To Fight Drug Shortages FDA Has an Idea: Import More Inspection-Free Drugs

It has long been known by any close FDA-watcher that the Food and Drug Administration has to balance between pharmaceutical scarcity and safety. But with drug shortages becoming a regular occurrence since the baby formula fiasco last year, the FDA has now come down on the side of placing the importance of scarcity over the importance of drug safety. That means the typical American medical patient that needs drugs that are in short supply will now face a terrible choice: take drugs that are not tested by the FDA for safety standards or take the ones imported from uninspected India and China labs instead.

The FDA is considering allowing for the temporary importation of chemotherapy drugs from overseas manufacturers that are “not currently approved to distribute in the United States”, an agency spokesperson told CNBC.

The FDA did not say which manufacturers would be potential candidates for permitting temporary importation of those drugs until approved manufacturers are able to meet patients’ needs. But, “in these cases, we very carefully assess the overseas product for quality, making sure that it’s safe for U.S. patients,” the spokesperson said. How they can do this without inspection is unknown, but it is likely to mean the product will come from FDA labs that have at least once been inspected by FDA officials. As it is, since the pandemic, many of these labs have gone without official inspections since 2020. There have been numerous recalls of drugs from Indian labs over the last two years, almost all of them voluntary recalls. It is unknown how many drugs should have been recalled due to impurities, but were not as most recalls are done on the decision of the manufacturer and not the FDA.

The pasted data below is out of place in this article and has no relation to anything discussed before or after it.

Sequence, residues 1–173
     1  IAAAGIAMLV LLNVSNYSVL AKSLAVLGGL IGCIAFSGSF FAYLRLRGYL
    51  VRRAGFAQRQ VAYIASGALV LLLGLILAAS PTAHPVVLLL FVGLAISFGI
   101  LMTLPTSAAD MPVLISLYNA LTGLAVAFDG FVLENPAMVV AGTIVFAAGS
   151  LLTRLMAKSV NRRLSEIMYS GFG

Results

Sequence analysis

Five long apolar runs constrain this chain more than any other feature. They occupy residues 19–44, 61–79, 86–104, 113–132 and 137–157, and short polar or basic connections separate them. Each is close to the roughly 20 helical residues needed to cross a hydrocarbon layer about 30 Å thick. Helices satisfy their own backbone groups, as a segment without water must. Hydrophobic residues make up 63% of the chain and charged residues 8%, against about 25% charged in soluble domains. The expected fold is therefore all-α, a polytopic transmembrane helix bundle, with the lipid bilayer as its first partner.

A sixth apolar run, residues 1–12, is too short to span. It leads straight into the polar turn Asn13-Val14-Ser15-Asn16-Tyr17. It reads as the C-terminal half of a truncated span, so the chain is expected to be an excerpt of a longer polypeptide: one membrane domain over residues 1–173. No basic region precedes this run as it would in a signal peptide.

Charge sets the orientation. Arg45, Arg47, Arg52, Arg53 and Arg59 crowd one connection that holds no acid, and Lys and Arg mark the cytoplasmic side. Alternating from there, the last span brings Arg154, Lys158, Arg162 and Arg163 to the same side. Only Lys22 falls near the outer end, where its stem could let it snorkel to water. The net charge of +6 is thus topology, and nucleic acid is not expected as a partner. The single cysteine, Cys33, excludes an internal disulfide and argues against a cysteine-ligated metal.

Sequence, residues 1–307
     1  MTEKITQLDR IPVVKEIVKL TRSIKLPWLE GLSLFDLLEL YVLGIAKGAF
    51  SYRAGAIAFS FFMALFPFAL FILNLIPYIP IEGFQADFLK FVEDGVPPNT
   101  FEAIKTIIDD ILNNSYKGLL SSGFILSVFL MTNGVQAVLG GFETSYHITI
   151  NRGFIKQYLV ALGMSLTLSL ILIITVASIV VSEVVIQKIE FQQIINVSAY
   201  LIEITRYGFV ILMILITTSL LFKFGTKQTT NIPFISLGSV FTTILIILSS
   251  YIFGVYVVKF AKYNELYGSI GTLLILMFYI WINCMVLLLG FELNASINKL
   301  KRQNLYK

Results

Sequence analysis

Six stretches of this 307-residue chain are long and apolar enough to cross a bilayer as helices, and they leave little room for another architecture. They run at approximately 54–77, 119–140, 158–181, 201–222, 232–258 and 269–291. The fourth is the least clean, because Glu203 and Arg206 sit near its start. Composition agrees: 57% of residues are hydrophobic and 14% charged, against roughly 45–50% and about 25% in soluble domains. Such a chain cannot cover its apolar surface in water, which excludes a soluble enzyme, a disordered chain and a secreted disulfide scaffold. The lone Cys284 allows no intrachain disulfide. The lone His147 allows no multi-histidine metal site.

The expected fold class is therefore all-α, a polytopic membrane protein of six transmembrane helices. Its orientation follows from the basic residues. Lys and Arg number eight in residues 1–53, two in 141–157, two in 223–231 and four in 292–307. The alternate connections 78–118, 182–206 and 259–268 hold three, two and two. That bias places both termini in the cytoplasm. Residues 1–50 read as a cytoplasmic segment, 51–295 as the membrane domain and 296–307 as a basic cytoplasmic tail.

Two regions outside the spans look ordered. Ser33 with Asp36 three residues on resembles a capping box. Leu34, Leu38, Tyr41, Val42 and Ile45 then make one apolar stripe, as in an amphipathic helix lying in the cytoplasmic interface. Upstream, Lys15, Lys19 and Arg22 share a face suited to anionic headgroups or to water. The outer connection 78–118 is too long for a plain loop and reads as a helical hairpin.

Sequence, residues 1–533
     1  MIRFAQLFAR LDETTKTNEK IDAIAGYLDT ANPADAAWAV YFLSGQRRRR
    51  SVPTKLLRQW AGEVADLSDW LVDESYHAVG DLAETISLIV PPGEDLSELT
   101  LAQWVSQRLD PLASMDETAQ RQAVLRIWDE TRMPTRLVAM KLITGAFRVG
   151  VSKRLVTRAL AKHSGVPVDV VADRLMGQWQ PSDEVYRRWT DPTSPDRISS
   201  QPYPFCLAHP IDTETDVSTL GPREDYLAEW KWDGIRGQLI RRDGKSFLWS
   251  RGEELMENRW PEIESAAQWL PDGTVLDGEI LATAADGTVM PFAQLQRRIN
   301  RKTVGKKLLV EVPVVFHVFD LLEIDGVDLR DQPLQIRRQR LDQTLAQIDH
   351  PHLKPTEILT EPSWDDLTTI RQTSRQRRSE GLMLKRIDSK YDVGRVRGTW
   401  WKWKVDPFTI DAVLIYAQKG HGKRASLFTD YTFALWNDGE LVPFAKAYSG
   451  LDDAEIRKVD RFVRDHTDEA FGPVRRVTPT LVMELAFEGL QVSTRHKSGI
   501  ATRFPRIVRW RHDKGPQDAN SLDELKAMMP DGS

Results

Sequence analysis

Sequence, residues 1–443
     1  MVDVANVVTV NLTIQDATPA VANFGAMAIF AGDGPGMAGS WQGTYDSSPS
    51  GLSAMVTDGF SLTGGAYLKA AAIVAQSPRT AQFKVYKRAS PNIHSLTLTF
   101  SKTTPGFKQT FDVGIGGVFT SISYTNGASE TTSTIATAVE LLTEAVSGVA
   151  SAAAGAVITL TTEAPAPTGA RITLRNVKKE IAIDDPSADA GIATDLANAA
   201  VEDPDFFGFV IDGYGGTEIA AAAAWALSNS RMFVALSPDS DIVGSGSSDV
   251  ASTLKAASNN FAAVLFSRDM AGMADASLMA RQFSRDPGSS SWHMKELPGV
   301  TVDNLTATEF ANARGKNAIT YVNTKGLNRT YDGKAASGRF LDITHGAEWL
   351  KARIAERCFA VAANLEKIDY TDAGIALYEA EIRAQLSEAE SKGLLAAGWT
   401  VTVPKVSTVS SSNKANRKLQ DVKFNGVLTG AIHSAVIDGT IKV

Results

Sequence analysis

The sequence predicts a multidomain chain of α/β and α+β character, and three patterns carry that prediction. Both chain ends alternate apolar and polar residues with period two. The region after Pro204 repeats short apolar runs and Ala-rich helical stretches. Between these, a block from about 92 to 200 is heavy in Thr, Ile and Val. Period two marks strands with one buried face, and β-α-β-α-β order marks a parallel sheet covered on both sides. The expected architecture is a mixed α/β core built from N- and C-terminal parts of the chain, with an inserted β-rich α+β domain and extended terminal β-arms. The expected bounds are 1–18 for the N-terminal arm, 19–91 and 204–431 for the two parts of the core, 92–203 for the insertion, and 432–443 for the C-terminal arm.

U.S. pharmaceutical imports from 2000 to 2021 have risen six-fold. Yet, shortages persist. Incentives are needed to produce the daily-use critical drugs that are consistently in short supply.


Drug Shortages Everywhere

The American news diet is not short on stories of drug shortages.

In March, The New York Times called shortages of everything from oncology medications used for cancer patients, to basic pneumonia-fighting drugs like amoxicillin a “national security threat”. Such language is often seen as being the best way to frame an issue in order to garner the attention of policymakers on Capitol Hill. CPA’s senior economist Andrew Heritage did a report on this in January.

Drug shortages hit an all-time high this winter, according to a report by the Senate Homeland Security and Government Affairs Committee. Last year saw a record five-year high of 295 active drug shortages.

The FDA said 14 cancer drugs are now in short supply. “The oncology shortage is especially critical,” FDA Commissioner Dr. Robert Califf told NBC News on May 26. “I’m a former intensivist doctor and I’m very aware of the consequences if you can’t get needed chemotherapy.”

One of the drugs, capecitabine, often sold under the brand name Xeloda among others, is used to treat breast cancer, gastric cancer and colorectal cancer. According to the FDA’s website, the only U.S. source of that drug is California-based Genentech, and they only have it in 500 milligram tablets. The other sources are Dr. Reddys and MSN Laboratories in India, and Teva Pharmaceuticals of Israel. The U.S. is clearly the world’s biggest consumer, but has no one locally to make it for the market.